This is a hearty read at 464 pages and, I’ll admit, it felt like it dragged a bit at times. But it’s this length that allows Weiner to dig deeper into important issues and show how they reverberate through the sisters’ lives – issues that include women’s roles within family and society as well as our continued struggle for the right to choose what happens to our own bodies.

Through Jo and Bethie, Weiner discusses topics that were important to the women who came before us, to the women we are now and hopefully will embolden society to bring much needed change as we work to transform a world that lifts up and encourages the daughters we’re raising today.

This is a powerful story that will run readers through a spectrum of emotions. You’ll cry, laugh, feel frustrated and empowered as you read this story about two sisters and their journey to find fulfillment, love and acceptance as women in complicated and ever-changing times.

Note: I highly recommend that readers read Weiner’s forward which describes where her inspiration for this story began.

— Laurie P.

My Summer Reading Preview

A few months ago I read a magazine article featuring Crazy Rich Asian-worthy leather bags with the hottest spring novels poking out of them.  I’m pretty sure they were capitalizing on the idea that in the last year or so every celebrity has started a book club and many are choosing to be photographed with book in hand.  It looks like books are a go-to accessory.  Well, we always knew that in the library!

Of course a sturdy, stylish bag is required to carry these important items.  I approved of their thinking until I checked out the prices on the suggested handbags! One carried the caption “price available upon request” which is never a good sign if you are budget-minded.  Now if you are the Duchess of Sussex then any bag is a possible purchase.  Her bags will need to be roomy and practical for a while and the books she is more likely to carry will be board books.  Or maybe she could look into reading Weird Parenting Wins?  Perhaps she will be able to enjoy a novel once in a while if Harry shares the parenting.  I do hope so.

If you are looking for some fabulous summer reads to carry around in your beach tote, here you go (they are also gorgeous so you will look extra snazzy just in case you happen to be caught by Waterloo paparazzi):

81Z2hxtqlYLRoselle Lim’s debut novel is going to check several boxes for delightful summer reading because she is from Scarborough (let’s celebrate reading a Canadian author), and the book takes place in Montreal AND in San Francisco so it feels like taking a book vacation.  Also, her main character struggles with some mother-daughter-grandmother guilt and then falls in love giving us a prize at the end of all of that painful family reflection. In Natalie Tan’s Book of Luck and Fortune, Natalie has to return to the apartment she shared with her mother to tidy up, plan her mother’s funeral and decide what she will do with her legacy – the family restaurant.  There is a love story in this book, the grief of losing her mother, and the excitement of lots of cooking (the author includes recipes) all set in a cozy San Francisco neighbourhood.  I can’t think of anything more delicious – just look at that cover.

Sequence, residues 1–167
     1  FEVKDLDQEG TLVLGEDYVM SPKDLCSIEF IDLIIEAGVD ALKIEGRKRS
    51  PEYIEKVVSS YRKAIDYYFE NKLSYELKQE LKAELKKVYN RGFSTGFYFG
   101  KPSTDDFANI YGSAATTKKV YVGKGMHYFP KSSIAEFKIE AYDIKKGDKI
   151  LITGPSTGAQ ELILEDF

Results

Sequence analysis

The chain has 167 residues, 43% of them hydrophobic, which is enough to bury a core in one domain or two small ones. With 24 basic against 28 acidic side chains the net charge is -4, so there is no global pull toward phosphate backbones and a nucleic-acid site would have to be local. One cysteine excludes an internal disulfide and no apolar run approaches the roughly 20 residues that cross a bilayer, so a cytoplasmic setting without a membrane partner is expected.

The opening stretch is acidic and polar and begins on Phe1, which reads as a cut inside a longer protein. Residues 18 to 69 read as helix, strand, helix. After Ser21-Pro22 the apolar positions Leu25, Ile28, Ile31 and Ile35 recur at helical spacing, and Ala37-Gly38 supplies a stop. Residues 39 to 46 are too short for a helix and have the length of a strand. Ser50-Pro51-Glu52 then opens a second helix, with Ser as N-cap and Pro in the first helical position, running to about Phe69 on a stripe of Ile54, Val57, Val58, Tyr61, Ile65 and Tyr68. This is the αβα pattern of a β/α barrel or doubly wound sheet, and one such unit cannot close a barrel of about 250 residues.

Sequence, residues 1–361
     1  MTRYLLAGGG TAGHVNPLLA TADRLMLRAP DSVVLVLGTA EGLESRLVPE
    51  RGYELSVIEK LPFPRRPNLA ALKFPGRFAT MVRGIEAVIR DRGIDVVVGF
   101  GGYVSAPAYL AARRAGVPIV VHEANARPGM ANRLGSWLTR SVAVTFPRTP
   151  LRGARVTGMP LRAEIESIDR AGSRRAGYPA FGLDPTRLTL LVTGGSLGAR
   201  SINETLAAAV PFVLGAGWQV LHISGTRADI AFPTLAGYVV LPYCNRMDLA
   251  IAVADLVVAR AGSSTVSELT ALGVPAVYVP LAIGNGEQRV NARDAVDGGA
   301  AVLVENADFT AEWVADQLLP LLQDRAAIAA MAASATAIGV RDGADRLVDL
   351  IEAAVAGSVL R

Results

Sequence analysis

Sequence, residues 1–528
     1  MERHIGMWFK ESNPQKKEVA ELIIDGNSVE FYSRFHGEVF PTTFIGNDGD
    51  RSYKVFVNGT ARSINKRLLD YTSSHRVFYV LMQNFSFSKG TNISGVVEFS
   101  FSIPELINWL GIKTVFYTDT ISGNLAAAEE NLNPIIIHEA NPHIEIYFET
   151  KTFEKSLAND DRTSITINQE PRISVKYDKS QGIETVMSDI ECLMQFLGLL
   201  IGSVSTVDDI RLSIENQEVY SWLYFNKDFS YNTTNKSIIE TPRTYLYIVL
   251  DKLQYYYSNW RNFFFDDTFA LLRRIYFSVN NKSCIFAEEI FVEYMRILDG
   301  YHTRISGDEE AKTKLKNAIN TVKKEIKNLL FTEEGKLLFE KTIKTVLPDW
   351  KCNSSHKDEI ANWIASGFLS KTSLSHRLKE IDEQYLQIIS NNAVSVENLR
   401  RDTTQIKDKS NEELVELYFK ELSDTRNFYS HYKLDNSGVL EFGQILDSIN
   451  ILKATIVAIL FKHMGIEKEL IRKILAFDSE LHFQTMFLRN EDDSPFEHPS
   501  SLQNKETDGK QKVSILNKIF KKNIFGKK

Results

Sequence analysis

811i2lI31-LThe last book that Blake Crouch wrote was so much fun to read that I am planning to pop some popcorn before I sit down with this one.  Reading Dark Matter felt like watching a film with a full on thriller plot plus a touch of romance for balance and it looks like Recursion shares some of that same mix.  Crouch has a neuroscientist researching false memory syndrome as a way to help Alzheimer patients but the wealthy tech guru who is funding her project might not have the best motives.  Fantastic! In combination with this plot we have a NY detective investigating crimes that are linked to false memory syndrome and the thrills just keep piling on.  It might be worth popping two bags of popcorn (or use any manner of snack preparation you feel is appropriate in your home) because with a story like this you will not want to leave the couch for a moment.

the-stationery-shop-9781982129866_hrRoya and Bahman meet at the stationery shop in 1953 Tehran and slowly fall in love after an introduction by the owner, Mr. Fakhri.  They start meeting weekly and agree to marry despite the protests of Bahman’s mother.  One night he doesn’t appear at their agreed time and after several attempts to contact him Roya must eventually give up and move on with her life.  Sixty years later they meet in Boston and she is able to find answers to the questions she has carried with her for decades.  It’s a vibrant, lush story by Marjan Kamali of a young woman’s life and how she tries to move on from heartbreak.  You can’t help but wonder what their first conversation will be like after those years apart.